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Comcast/NBCU Deal: Diversity Divide

Related: Lines in the Sand

COMCAST AND NBC Universal tried last week to ford the stream on what some are calling a diversity divide related to their vaunted deal. While some critics applauded their proposed advances in promoting the diversity issue, others found the new promises not quite good enough. The companies’ new and expanded pledges came in advance of a House Judiciary Committee field hearing in Los Angeles that focused on diversity.

“It’s a step in the right direction,” says Samuel Kang, managing attorney for advocacy group The Greenlining Institute, who testified at the hearing in opposition to the deal. But he said Comcast would need to do much more “to approach adequate representation of the diverse demographics in the country.”

And Rep. Maxine Waters (D-Calif.), a prominent figure in the hearing who has been pushing the FCC to keep diversity front and center in its review, had more to say about the motivation of the announcement than its substance, while adding she still needed to review the proposals. According to an aide, Waters doubted that the new pledges would have been made save for the big stick of a hearing.

Said Comcast spokeswoman Sena Fitzmaurice, “We’ve been working with diversity groups, members of Congress and other interested parties since the deal announcement on additional commitments.”

Comcast initially proposed adding six independent diversity-related channels over a three-year period. Last week, the company promised that three of those channels would have a substantial minority ownership interest, though Comcast did not define “substantial.”

Some of the deal’s critics gave Comcast and NBCU credit for advancing the ball, but said the effort still fell short. “More is always welcome,” said Free Press Policy Counsel Corie Wright. “But it still doesn’t alleviate the concerns we would have about the merger, and there are still some key issues where Comcast and NBCU could be making commitments to serve communities of color better.”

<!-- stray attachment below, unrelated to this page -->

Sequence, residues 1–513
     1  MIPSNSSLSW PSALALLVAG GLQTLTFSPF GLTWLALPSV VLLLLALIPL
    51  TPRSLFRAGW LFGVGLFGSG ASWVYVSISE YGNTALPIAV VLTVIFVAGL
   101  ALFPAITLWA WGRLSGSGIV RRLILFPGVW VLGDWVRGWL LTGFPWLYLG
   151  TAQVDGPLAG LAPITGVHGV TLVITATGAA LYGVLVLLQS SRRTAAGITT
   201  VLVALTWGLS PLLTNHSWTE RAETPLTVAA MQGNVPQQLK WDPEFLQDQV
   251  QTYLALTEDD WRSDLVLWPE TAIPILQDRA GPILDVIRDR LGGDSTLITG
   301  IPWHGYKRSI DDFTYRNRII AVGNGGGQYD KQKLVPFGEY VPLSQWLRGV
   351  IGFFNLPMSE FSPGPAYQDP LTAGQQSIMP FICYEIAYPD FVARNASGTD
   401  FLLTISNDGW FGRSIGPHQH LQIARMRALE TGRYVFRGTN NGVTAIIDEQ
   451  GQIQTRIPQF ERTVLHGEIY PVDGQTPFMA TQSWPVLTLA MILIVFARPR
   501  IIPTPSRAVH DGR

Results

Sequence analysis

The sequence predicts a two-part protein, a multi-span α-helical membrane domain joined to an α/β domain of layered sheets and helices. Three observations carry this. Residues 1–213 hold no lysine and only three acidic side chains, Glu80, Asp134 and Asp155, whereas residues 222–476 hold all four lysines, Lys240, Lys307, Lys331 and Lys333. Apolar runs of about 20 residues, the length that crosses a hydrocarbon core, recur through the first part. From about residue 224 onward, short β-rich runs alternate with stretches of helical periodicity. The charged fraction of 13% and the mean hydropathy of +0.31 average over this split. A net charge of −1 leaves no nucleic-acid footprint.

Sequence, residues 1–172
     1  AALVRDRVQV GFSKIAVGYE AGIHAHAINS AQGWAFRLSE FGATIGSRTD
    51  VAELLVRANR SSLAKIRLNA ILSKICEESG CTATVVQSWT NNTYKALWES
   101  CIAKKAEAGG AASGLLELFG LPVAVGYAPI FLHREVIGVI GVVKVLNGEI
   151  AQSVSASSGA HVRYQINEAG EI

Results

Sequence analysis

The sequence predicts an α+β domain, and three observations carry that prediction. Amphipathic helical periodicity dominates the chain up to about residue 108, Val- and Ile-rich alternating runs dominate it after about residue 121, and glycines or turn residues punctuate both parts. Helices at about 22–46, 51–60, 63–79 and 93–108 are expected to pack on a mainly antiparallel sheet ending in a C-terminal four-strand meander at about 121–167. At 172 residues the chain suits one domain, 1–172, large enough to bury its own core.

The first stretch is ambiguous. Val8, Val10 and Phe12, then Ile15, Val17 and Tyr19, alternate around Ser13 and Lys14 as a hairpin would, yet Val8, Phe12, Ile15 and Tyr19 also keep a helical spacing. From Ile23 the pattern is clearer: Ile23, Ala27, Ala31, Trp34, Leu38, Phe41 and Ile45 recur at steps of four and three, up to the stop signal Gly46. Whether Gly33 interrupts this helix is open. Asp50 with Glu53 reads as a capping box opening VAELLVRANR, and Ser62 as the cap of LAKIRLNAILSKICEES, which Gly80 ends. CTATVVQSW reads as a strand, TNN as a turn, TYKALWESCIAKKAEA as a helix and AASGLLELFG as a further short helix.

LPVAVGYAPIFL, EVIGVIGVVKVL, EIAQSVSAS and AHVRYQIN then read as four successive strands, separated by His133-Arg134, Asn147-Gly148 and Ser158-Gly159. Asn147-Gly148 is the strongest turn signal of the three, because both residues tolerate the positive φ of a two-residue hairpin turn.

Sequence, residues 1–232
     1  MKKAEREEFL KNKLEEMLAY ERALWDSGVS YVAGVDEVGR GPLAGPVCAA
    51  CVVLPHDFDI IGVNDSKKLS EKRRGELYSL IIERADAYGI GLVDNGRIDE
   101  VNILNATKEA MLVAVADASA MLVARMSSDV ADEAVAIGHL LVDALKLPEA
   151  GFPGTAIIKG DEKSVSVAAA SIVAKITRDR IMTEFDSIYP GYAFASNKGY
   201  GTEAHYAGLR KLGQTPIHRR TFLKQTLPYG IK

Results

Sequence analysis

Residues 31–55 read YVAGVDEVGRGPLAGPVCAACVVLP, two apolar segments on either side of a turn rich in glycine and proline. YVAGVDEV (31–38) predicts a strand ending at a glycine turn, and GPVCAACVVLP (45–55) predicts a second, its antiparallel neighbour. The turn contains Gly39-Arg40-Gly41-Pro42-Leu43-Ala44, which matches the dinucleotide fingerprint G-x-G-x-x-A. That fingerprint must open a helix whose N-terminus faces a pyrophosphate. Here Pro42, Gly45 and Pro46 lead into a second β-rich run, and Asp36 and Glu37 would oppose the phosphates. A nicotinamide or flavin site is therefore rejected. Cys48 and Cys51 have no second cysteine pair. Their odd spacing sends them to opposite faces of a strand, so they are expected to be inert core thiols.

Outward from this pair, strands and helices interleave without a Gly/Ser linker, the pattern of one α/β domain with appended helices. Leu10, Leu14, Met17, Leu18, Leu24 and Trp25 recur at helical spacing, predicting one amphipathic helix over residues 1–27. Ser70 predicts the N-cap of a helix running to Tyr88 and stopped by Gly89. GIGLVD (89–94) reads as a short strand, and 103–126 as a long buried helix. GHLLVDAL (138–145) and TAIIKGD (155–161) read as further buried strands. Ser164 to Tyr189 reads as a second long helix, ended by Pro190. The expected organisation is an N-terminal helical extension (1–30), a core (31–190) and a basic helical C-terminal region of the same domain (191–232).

According to sources, Free Press plans to join with Media Access Project, Consumers Union and the Consumer Federation of America to file a petition to deny the deal. Such petitions are due by June 21.

“I think [the diversity efforts] are inadequate and we have a long way to go,” Kang said, slamming the companies’ business strategies as “gut, cut and strut.”

All those in favor
Associations representing black mayors and black and Hispanic state legislators, however, have weighed in during the past couple of weeks in favor of the deal, and there were witnesses stepping up to vouch for the companies’ past efforts at the hearing.

Asked how he explained this apparent diversity divide, Kang chalked up such deal supporters to Comcast’s lobbying muscle. “Unfortunately, there are a lot of policymakers who are influenced by the wide reach of Comcast lobbying,” he said. “I don’t think there is a disconnect between elected representatives and the needs of the public, but when the needs of the public can’t get into the front door as often as Comcast can, that’s why there are conflicting views on this.”

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